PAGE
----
18 Jun 2009, 10:30am
Federal forest policy Saving Forests
by admin

An Open Letter to Tom Tidwell

Dear Tom,

SOS Forests welcomes you as the next Chief of the U.S. Forest Service. We salute your prior accomplishments, share in the excitement of your appointment, and wish you every possible success.

And we really mean that. We really do wish your tenure as Chief to be successful. It is going to be a difficult road, though. The deck is stacked against you, but we will help you all we can.

You need our help because the USFS has lost more than half of its staffing over the last 20 years. Many District, Forest, and Regional offices have closed, and those that remain open have skeleton crews. Active management has ground nearly to a standstill.

As a result, megafires are exploding out of control every summer. 2008 saw the California fire bust, with over a million acres burned in that state alone, and more than a dozen firefighter fatalities. 2007 was the worst fire season in five decades, with nearly 10 million acres burned by wildfires and 20 firefighter lives lost. Over 800,000 acres burned in Central Idaho alone, and the aftermath brought catastrophic erosion and degradation of soils and waterways. 2006 was another record-breaking fire season. This year promises to be even worse, if national USFS fire policies do not change.

Halting our current crisis of megafires is a very tall order. You can, however, take a few initial actions that will start your administration off on the right foot.

First, please use the word “forests” in speeches and writings. You are going to be Chief of the U.S. Forest Service. The ground you will oversee is neither “timberlands” nor “wildlands.” It is forests, or forestland. Please refer to it as such.

This is easy to do, costs you nothing, and will demonstrate your core values. (Not to mention that failing to do so will handicap you right away, and come back to haunt you later, too, as it did your predecessor.)

Second, cancel the Whoofoo program. Whoofoo’s (wildland fire use fires) are accidental fires in accidental locations started by lightning during the height of the fire season. Such fires should be suppressed with rapid initial attack, not left to burn. Whoofoo’s led to enormous and expensive tragedies like the Warm Fire, the Tripod Fire, the Tatoosh Fire, the Middle Fork Fire, the South Barker Fire, the East Slide Rock Ridge Fire, the Cedar Fire, and many others.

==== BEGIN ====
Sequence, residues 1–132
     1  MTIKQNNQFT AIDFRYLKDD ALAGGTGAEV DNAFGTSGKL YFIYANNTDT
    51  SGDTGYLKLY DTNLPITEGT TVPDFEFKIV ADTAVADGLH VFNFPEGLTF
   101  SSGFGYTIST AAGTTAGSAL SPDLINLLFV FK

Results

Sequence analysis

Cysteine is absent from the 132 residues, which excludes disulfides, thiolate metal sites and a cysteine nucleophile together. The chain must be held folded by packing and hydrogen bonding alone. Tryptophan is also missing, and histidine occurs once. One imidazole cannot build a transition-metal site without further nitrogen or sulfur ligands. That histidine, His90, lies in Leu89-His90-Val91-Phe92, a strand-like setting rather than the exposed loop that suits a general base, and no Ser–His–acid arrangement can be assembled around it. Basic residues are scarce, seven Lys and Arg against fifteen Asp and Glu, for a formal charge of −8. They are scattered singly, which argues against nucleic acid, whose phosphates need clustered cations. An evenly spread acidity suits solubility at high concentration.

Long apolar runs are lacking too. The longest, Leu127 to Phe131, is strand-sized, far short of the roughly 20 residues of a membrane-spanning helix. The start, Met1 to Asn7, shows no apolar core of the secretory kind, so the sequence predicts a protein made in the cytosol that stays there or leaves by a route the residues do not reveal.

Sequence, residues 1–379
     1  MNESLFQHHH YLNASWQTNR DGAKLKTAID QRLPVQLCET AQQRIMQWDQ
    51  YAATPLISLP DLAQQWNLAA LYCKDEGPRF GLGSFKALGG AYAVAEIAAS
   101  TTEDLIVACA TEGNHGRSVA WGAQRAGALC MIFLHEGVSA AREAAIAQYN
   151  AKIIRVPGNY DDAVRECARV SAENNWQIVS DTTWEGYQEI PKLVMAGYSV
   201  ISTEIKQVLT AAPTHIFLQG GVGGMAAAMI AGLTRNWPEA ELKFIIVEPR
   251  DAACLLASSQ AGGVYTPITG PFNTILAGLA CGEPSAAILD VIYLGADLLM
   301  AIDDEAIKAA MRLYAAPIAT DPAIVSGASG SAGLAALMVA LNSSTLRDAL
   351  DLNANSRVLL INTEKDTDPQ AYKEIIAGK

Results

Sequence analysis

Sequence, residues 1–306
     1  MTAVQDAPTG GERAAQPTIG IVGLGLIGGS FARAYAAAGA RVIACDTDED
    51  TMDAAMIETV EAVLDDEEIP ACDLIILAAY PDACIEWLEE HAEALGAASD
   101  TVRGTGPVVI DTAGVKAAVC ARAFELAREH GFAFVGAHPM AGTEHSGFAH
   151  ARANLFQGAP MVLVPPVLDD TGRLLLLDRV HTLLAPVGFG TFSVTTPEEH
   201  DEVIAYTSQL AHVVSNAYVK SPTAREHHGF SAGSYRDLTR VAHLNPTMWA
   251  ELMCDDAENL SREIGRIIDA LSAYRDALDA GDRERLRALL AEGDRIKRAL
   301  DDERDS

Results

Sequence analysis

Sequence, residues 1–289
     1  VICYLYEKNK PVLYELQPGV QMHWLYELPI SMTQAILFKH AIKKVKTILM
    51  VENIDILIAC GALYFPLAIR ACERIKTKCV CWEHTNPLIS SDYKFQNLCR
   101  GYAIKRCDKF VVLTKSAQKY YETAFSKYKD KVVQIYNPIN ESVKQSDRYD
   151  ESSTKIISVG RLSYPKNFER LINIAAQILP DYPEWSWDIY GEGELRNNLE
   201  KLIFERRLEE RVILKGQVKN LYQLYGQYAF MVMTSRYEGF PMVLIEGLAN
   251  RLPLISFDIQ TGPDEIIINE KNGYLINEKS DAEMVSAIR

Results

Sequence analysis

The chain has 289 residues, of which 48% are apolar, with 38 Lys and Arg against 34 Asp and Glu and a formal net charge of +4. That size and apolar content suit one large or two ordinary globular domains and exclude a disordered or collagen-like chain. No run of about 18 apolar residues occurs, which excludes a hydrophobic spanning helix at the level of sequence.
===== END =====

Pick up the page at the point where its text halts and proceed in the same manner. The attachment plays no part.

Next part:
Whoofoo’s are the renamed equivalents of “prescribed natural fires” which caused catastrophes such as the 1988 incineration of Yellowstone National Park. The lack of rapid initial response with adequate firefighting forces was directly responsible for the 500,000 acre Biscuit Fire of 2003 and dozens of other megafires in the last two decades. Inadequate initial response has been ultimately responsible for every modern megafire, as a matter of fact.

You should also reconsider Appropriate Management Response, a euphemism for Let It Burn. AMR has led to over 1,000 square miles of unnecessary forest destruction in each of the last two years, including the Payette fires of 2007 and the Northern California fires of 2008. Decision made under AMR have huge ecological consequences but never go through normal NEPA processes. It does not serve our national forests, the Agency, or the mission to avoid proper legal and public involvement procedures.

Third, please initiate a national program to develop natural histories for every National Forest in the System. The histories should reach back at least 10,000 years, and should document the actual, historic, forest development pathways that occurred, in reality, location by location.

We cannot care for our forests, or restore them, or prevent megafires, if we don’t have a good handle on how our forests got here in the first place. Emphasis in the histories should be on ancient anthropogenic fire and the actual human/forest relationships that have had so much impact on the conditions, indeed the very existence, of our forests today.

Fourth, it is time to reconsider and restate the mission of the USFS. In the absence of a clear mission the Agency is rudderless. All resource values are threatened. I encourage you to engage in a national dialog in that regard.

Fifth, please look to forest experts outside of government for advice on forest stewardship. We have much to offer. Ignoring our expertise and deep concern for our public forests is a grievous mistake made by prior Chiefs, much to the detriment of our forests and the Agency. We are ready, willing, and able to assist you. Do not dismiss or discount outside expertise.